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Bergler, E. (1943). On a Specific Group of Neurotic Symptoms—(Dramatizing the 'Tertium Comparationis' as an Alibi). Int. J. Psycho-Anal., 24:56-58.

(1943). International Journal of Psycho-Analysis, 24:56-58

On a Specific Group of Neurotic Symptoms—(Dramatizing the 'Tertium Comparationis' as an Alibi)

Edmund Bergler

Every neurotic symptom contains, according to Freud, elements of unconscious wishes and unconscious prohibitions. The stress laid upon id and super-ego (or more precisely the unconscious ego) differs in different symptoms. In obsessional neurosis, for instance, the longer the symptom persists the greater the amount of id wishes which are smuggled into the defence. To express the point in a caricaturing manner, this type of symptom starts, so to speak, with the unconscious assertion 'I am a good boy'; but in the actual proof of this the 'bad boy' is visible to an ever increasing degree, and the mischief is continued. The alibi element is therefore present in every neurotic symptom. That is a generally accepted truism among Freudians and needs no repetition.

I should like to describe a specific group of neurotic symptoms characterized by the peculiar dramatization of a 'tertium comparationis'. The term is used in ars poetica to denote the comparison between two widely different objects which have only one element in common. This point of similarity is called the 'tertium comparationis'. When Homer compares the Greek soldiers storming Troy to a swarm of bees, the similarity of the Greek soldiers in movement—clinking their armour—to bees seems far-fetched. The common denominator for the poet, however, is that both produce noise. That noise is the tertium comparationis. As in poetry, we find in neurosis that certain symptoms seem to be built upon this formula. I will illustrate with some clinical examples.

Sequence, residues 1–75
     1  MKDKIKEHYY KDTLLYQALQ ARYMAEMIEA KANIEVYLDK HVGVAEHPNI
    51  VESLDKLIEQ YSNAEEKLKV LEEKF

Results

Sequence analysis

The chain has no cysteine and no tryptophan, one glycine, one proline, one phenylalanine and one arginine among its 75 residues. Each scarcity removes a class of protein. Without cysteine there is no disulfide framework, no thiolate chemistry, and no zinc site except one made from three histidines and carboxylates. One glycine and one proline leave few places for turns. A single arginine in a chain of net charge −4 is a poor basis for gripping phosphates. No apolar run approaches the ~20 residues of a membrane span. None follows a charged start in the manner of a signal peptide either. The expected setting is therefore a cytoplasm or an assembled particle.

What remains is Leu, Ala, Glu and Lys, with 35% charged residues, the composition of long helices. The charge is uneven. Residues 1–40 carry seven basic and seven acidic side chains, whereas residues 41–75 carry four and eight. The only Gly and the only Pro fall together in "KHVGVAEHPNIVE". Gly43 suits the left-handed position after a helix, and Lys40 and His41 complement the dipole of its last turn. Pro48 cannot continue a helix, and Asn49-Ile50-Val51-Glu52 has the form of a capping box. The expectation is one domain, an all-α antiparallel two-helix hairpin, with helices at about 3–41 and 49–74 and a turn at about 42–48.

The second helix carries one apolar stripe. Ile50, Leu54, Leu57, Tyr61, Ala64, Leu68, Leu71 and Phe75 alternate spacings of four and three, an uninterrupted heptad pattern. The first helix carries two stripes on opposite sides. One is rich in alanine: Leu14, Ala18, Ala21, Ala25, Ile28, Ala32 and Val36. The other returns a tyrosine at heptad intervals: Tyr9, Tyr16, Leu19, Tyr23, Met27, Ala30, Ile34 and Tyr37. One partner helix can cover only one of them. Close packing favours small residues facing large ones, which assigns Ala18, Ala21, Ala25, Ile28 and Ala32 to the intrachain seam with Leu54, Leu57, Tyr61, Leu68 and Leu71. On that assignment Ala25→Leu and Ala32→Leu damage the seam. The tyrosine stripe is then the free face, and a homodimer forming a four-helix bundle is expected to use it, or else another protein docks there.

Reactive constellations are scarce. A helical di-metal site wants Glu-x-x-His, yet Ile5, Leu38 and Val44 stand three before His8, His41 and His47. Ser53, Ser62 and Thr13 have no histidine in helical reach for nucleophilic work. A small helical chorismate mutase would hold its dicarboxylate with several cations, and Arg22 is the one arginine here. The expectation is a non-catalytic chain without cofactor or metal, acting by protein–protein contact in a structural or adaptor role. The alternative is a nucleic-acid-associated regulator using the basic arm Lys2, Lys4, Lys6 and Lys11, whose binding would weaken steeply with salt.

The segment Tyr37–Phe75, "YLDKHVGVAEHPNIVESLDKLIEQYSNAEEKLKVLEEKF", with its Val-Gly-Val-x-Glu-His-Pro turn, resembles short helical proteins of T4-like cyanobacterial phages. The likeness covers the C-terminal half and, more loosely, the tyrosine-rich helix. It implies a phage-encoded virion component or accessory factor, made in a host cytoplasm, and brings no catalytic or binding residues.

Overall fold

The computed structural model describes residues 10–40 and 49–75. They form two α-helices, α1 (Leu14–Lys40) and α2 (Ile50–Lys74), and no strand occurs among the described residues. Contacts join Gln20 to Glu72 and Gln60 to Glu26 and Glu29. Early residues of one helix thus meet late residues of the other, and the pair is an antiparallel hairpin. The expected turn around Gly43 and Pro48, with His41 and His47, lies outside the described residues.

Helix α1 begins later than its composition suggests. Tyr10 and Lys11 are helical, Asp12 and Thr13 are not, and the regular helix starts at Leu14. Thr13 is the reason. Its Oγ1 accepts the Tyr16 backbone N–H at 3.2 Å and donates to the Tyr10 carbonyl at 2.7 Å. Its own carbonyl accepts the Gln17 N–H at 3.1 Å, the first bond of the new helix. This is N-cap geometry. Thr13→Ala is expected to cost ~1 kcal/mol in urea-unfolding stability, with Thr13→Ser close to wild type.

An obsessional patient produced the symptom of fear of acquiring a tic.

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